As tradition dictates, the NFL’s triple bill begins at Detroit’s Ford Field, where the Lions, enjoying an impressive season, take on underachieving Nfc North rivals Chicago Bears. Then it’s over to Dallas’s vast At&T Stadium, where the Cowboys battle for Nfc East supremacy with the Philadelphia Eagles (9.15pm). Finally, in the late game (1.15am) current Superbowl champions Seattle Seahawks visit the San Francisco 49ers. Gwilym Mumford

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- Gwilym Mumford, Hannah J Davies, Jonathan Wright, Julia Raeside, Ben Arnold, Bim Adewunmi, John Robinson

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The Apprentice 2014: episode eight – as it happened

14 hours ago

Last week the Big Apple and fizzy drinks did for Lauren. This week we were down to nine and the promise of a Tudor battle reenactment. Shields at the ready, everyone …

9.59pm GMT

It’s the Mystery Item Treasure Hunt round! Woop woop!

“You basically just stole that diamond!”

9.57pm GMT

In the Cab of Steely Determination, an unrepentant James basically recites the lyrics to Destiny Child’s I’m A Survivor.

9.56pm GMT

Lord Sugar isn’t fooled. This isn’t Notting Hill.

Dapper Laughs is canned for the second time this month.

9.55pm GMT

I may have veered off from his actual words towards the end there.

But that was the gist, at least. It was actually quite moving.

9.55pm GMT

Dapper Laughs gives his big redemptive speech.

“I’m in this big wide world on my own,” he says. “And the reason I’m here is because I want someone like yourself, »

- Tom Meltzer

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Come on, Britain – it’s the 21st century. Stop this obsession with social class | Hadley Freeman

17 hours ago

I have lived here for 25 years, but still I’m baffled by this fixation with background, schools and cutlery

The whole “fiddling while Rome burns” cliche was getting a bit old – almost 2,000 years old, to be precise – so we should all be grateful for BBC2’s bafflingly pointless documentary series about Tatler magazine, Posh People: Inside Tatler, for updating the analogy. So please readjust your inner literary device, Britain: for “fiddling while Rome burns”, please substitute with “worrying about which piece of cutlery to use for eating a pear while life passes by”.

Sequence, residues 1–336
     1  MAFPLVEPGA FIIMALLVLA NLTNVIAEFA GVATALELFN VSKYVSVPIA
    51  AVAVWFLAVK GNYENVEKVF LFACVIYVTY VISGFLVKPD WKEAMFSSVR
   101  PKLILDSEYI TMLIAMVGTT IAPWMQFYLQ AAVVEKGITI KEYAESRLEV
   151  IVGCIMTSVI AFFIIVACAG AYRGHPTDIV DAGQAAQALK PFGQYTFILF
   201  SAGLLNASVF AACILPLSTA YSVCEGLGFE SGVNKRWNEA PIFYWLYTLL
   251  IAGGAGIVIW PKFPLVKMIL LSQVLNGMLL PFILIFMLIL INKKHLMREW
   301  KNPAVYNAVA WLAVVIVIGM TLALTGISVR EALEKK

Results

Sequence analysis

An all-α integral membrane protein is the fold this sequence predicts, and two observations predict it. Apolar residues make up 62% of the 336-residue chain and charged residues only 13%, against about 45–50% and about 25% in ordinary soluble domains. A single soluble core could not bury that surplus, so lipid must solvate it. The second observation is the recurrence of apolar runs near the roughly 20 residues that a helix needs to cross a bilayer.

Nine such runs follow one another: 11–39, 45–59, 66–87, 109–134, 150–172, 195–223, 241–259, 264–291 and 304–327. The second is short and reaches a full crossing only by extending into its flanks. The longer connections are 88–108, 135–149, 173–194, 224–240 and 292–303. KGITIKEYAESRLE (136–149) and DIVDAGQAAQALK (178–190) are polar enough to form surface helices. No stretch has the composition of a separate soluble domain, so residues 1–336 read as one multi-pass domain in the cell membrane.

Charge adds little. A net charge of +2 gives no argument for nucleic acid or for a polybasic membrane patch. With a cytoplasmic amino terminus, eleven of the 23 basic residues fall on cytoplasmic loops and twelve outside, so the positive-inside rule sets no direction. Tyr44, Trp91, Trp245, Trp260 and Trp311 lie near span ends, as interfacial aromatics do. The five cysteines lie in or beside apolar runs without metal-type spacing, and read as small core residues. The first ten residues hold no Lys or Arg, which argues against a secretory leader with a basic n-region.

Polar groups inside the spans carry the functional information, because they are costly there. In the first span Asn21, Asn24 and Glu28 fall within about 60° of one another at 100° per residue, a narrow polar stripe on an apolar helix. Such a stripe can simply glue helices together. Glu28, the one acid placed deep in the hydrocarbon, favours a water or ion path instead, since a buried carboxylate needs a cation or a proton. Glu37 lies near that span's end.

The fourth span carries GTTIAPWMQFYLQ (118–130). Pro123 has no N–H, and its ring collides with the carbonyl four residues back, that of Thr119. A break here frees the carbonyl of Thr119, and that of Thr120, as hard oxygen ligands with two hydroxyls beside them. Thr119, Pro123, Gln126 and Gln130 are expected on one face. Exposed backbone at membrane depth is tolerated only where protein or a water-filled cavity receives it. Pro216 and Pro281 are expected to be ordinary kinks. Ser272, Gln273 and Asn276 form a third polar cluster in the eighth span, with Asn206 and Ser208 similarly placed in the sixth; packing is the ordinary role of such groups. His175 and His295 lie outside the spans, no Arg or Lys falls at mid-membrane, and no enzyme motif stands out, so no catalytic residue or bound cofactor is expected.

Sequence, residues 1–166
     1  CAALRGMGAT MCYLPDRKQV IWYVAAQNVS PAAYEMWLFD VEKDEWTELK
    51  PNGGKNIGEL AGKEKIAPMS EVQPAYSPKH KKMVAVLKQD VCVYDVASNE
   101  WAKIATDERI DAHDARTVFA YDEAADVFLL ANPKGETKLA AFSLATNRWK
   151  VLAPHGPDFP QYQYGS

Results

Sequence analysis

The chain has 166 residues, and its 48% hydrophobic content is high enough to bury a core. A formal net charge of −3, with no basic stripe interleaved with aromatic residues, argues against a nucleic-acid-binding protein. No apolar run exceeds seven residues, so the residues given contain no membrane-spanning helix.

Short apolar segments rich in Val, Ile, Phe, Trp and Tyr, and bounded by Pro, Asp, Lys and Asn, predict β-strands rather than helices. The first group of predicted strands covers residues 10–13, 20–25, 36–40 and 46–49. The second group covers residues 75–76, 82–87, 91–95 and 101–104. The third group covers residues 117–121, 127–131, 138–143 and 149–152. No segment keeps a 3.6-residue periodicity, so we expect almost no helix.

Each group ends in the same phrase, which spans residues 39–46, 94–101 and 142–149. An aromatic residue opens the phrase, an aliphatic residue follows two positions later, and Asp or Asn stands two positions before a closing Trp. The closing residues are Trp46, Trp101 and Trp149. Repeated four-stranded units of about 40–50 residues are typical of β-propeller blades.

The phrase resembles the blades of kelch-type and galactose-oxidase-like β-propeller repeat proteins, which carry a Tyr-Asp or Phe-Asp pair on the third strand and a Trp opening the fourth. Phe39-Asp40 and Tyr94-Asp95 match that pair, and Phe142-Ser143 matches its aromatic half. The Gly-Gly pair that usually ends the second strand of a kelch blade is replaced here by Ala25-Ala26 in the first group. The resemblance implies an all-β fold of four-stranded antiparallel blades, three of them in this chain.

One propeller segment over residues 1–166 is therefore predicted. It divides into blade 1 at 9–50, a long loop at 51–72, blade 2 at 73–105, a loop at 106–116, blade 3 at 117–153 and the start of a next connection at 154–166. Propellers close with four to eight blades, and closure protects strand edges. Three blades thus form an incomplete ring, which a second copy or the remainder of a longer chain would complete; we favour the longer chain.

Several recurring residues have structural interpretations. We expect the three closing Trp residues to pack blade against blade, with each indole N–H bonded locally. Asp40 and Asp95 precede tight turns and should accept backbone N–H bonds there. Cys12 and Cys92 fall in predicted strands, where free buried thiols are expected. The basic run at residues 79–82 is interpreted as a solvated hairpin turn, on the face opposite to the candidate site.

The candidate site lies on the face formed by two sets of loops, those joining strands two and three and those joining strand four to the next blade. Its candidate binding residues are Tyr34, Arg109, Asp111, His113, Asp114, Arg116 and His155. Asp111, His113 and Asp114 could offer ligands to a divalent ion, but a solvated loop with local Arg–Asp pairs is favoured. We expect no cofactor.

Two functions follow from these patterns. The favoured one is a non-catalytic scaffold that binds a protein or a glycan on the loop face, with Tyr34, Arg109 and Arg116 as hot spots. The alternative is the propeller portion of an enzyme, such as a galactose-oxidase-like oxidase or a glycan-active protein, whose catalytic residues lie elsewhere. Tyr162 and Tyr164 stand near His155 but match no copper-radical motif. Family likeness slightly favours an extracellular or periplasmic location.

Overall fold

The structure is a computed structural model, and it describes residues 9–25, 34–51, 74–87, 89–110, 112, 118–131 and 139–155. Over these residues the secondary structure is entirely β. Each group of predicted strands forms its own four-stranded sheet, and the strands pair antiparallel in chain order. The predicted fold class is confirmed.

This was one of the concerns raised by a member of Tatler’s pink-cheeked staff, and it was – thankfully – quickly resolved by a copy of Debrett’s, with which each Tatlerite is equipped upon being hired. No, you have not slipped through a time-space continuum, this is the 21st century.

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- Hadley Freeman

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Paul Vaughan obituary

18 hours ago

Broadcaster loved for his mellifluous voice on radio and television

I first heard the voice in Oxford in the late 1940s during a college production of King John. “Now, say, Chatillon, what would France with us?” The words were those of Shakespeare’s slimiest monarch, but the voice could have been that of Henry V. It belonged to Paul Vaughan, who has died aged 89. What I heard that night later became known to millions as the “Horizon voice” on BBC2. Bold, articulate, and trustworthy as the Bible, it was the perfect disguise for a royal conman. And although Vaughan, in his many years as a voiceover virtuoso, declared that he would never employ it in the service of tobacco, warfare or the Conservative party, he would have had no difficulty in convincing the wariest of listeners that rattlesnake venom was a wholesome as mother’s milk.

The voice was his prize accomplishment, »

- Irving Wardle

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Are You The One? The dating show where science meets sexy